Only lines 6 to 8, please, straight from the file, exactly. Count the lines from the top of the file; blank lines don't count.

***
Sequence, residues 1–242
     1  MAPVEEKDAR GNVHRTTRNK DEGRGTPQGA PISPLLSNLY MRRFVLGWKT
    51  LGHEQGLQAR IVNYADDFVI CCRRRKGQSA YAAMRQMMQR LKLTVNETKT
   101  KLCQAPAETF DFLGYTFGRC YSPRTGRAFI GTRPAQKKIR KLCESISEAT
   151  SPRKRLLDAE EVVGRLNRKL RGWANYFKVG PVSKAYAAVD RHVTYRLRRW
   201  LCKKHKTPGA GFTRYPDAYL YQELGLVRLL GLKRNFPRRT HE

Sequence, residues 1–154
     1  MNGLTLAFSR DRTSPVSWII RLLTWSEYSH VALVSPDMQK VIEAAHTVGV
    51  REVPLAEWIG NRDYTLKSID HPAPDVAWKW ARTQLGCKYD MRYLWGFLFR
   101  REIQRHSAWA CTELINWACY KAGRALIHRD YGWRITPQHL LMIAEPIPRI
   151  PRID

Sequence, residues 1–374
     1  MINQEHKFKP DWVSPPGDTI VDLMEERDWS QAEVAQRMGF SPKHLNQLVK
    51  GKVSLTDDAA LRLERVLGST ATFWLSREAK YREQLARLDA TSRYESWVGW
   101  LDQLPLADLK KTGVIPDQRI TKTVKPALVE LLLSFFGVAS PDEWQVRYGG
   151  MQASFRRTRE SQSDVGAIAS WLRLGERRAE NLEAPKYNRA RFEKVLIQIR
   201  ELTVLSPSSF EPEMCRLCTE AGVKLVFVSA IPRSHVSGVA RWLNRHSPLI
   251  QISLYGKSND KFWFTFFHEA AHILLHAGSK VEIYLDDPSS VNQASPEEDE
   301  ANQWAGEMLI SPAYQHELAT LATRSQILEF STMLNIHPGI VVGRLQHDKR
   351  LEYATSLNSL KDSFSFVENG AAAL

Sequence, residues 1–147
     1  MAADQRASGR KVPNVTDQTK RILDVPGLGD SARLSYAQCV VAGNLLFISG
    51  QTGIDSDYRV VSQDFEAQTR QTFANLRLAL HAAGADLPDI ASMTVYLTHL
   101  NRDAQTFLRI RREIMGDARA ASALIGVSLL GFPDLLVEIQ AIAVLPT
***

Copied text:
   201  LCKKHKTPGA GFTRYPDAYL YQELGLVRLL GLKRNFPRRT HE

Sequence, residues 1–154
     1  MNGLTLAFSR DRTSPVSWII RLLTWSEYSH VALVSPDMQK VIEAAHTVGV